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Following a government consultation, the Highway Code will be amended on January 29th, with some big changes coming to how we need to drive; Associate Solicitor David Sears shares the bits we all need to be aware of.

The impending changes are yet to be finalised, but a summary of the consultation proposals was released last month.

While some of the changes are quite minor, the changes are wide-ranging. Some of them signal a sea-change in how the Highway Code stipulates road users should interact with each other, by introducing a hierarchy of road users – this ensures those road users who do the greatest harm have extra responsibility to reduce the danger or threat they pose to others.  This approach supplements the introduction of ‘Vulnerable Road Users’ in the recent whiplash reforms, which excluded pedestrians, cyclists, scooters, wheelchair users, mobility scooter riders and horse riders.

A new rule is being introduced but it states the objective is not to give priority to pedestrians, cyclists, and horse riders in every situation, but ensure a more mutually respectful and considerate culture of safe and effective road use.

Major changes to the Highway Code include:

Rule 8 – The new rule stipulates that at junctions traffic should now give way to pedestrians.

Rule 19 – Rather than waiting for pedestrians to enter a zebra crossing, as is currently the case, the new rules will stipulate that drivers should give way to pedestrians waiting to cross and must give way to pedestrians on a zebra crossing.

Rule 59  – Regarding the use of clothing for cyclists, this rule will be amended to state that evidence suggests wearing a cycle helmet will reduce risk of sustaining a head injury in certain circumstances.

Rule 63 – Providing guidance on cycling in shared spaces and to not pass pedestrians, horse riders or horse drawn vehicles closely or at high speed, particularly from behind. Guidance is given as to the distances to be given and speeds to be used.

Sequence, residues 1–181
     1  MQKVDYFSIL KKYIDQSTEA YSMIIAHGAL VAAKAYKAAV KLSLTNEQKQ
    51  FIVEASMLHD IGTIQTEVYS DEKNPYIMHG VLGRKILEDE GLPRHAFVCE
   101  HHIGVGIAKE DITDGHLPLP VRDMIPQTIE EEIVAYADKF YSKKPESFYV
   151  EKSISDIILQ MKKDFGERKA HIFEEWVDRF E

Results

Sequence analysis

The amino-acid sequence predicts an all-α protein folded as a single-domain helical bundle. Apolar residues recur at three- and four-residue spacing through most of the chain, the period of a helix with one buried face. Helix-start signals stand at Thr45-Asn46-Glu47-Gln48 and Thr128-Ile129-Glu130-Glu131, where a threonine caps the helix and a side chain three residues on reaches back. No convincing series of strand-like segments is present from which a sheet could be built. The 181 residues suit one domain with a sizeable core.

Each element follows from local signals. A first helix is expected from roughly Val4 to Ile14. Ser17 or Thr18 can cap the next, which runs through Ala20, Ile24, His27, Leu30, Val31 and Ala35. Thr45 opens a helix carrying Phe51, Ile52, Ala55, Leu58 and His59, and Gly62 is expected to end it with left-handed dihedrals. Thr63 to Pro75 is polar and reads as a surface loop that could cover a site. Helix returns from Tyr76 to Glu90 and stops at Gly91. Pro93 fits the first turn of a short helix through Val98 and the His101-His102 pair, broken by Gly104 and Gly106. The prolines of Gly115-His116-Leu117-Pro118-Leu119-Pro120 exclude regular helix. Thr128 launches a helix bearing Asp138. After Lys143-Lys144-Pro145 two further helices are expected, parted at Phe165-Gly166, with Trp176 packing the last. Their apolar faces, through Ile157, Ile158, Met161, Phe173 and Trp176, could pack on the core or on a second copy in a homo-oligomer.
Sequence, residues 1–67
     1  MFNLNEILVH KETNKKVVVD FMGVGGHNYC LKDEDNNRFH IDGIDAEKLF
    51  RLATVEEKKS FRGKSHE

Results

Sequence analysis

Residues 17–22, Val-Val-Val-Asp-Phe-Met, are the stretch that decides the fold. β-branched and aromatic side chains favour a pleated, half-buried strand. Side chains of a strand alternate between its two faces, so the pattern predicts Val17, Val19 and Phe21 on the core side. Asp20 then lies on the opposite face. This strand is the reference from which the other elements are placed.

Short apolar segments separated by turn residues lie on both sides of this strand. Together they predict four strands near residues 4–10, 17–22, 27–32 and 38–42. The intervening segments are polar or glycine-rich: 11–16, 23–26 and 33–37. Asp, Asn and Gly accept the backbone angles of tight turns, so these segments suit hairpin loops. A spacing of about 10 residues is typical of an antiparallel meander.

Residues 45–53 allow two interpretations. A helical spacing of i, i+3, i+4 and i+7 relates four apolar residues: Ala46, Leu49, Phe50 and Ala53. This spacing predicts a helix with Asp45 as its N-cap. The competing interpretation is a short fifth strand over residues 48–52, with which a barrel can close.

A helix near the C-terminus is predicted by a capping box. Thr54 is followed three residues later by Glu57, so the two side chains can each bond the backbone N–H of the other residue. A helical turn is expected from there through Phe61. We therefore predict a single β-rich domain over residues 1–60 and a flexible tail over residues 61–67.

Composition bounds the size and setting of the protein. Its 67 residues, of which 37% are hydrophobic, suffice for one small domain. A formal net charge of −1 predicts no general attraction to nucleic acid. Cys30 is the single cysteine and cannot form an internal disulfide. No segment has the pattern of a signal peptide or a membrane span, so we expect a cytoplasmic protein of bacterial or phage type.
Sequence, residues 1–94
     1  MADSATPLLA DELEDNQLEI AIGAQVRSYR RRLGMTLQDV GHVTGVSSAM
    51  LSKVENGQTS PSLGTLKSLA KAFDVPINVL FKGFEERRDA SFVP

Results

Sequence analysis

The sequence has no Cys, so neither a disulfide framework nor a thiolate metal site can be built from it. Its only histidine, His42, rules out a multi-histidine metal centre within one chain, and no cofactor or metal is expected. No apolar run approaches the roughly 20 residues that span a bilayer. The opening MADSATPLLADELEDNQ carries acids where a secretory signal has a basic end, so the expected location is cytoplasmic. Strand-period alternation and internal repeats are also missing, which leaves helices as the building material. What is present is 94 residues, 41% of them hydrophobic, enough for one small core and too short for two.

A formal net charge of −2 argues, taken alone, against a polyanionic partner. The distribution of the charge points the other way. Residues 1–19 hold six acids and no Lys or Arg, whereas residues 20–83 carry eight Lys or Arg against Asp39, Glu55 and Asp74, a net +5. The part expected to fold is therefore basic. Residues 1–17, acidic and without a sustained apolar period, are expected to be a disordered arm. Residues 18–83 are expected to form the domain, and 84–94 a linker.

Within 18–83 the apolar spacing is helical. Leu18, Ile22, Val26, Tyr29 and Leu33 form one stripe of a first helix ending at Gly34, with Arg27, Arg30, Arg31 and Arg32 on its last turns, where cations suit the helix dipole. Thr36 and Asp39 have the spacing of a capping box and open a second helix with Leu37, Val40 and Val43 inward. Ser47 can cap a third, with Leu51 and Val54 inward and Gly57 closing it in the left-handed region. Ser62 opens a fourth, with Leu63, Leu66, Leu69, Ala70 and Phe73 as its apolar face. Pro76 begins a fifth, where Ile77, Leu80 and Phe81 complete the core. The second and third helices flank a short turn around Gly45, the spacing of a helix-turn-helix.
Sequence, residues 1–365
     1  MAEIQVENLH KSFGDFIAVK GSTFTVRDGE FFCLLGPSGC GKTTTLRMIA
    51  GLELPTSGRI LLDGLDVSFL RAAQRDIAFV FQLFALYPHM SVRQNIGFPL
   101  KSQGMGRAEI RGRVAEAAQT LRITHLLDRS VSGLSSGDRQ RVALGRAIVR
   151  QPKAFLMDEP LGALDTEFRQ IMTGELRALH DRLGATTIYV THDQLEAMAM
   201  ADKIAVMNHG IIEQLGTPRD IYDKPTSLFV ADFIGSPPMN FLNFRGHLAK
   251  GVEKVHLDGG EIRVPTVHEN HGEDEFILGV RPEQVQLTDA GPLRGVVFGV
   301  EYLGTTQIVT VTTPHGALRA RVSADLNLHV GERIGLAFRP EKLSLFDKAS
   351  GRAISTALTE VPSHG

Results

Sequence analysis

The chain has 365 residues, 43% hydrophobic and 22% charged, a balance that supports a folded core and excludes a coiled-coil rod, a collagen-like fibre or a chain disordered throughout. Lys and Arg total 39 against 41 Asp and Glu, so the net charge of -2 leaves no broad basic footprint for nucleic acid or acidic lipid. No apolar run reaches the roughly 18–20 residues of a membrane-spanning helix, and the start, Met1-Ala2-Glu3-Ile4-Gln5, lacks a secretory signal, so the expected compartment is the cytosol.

Rule 73 to merge with – If cyclists are going straight ahead at a junction they have priority over traffic waiting to turn into or out of the side road, unless signs or markings indicate otherwise. Check that you can proceed safely, particularly when approaching junctions alongside stationary or slow-moving traffic. Watch for drivers intending to turn across your path. Remember the driver ahead may not be able to see you, so bear in mind your speed and position in the road. Be particularly careful alongside lorries and other long vehicles, as their drivers may find it difficult to see you. Remember that they may have to move over to the right before turning left, and that their rear wheels may then come very close to the kerb while turning.

Change rule 77 to Rule 79 – Cyclists on a roundabout can ride in the left or right-hand lanes and move left when approaching their junction. The cyclist should position themselves in the centre of the lane and signal right to indicate that they are not leaving the roundabout.

Rule 140 – Motorists should give way to cyclists in a cycle lane even when approaching from behind and drivers should await a safe gap before turning across a cycle lane.

Rule 151 – Drivers and riders in slow moving traffic should allow pedestrians and cyclists to pass in front of them.

Rule 163 – Cyclists may pass slower moving or stationary traffic on the right or left including approaching junctions. The current rule states that passing on the left should only be done if the vehicle in front is signalling to turn right.

Rule 163 – Gives more detailed guidance on the space to be given by drivers when passing motorcyclists, cyclists, horse riders and horse drawn vehicles.

Rule 170 – Will advise drivers and riders to give way to pedestrians waiting to cross and to remain behind cyclists and motorcyclists at junctions.

Rule 239  – Will be updated to recommend that road users should open their door using the ‘Dutch Reach’ method to reduce the risk of ‘dooring’ cyclists and motorcyclists.

In a nod to the of motor vehicles, Rule 239 will also be amended to minimise danger from electric charging cables. These changes state that ‘when using an electric vehicle charge point you should park close to the charge point and minimise the danger to pedestrians from tripping over charging cables. After using the charge point you should return charging cables and connectors neatly to prevent creating an obstacle for other road users.’

Although the changes to the Highway Code are proposed to create more respectful road use there has been criticism that the changes have not been widely publicised and some of the text has not been finalised.

Indeed, a recent AA survey of its members suggested that two-thirds of respondents were unaware of the impending changes. If a large proportion of the population is unaware of the changes then this is only likely to cause confusion, increase risks for road users and lead to confrontation.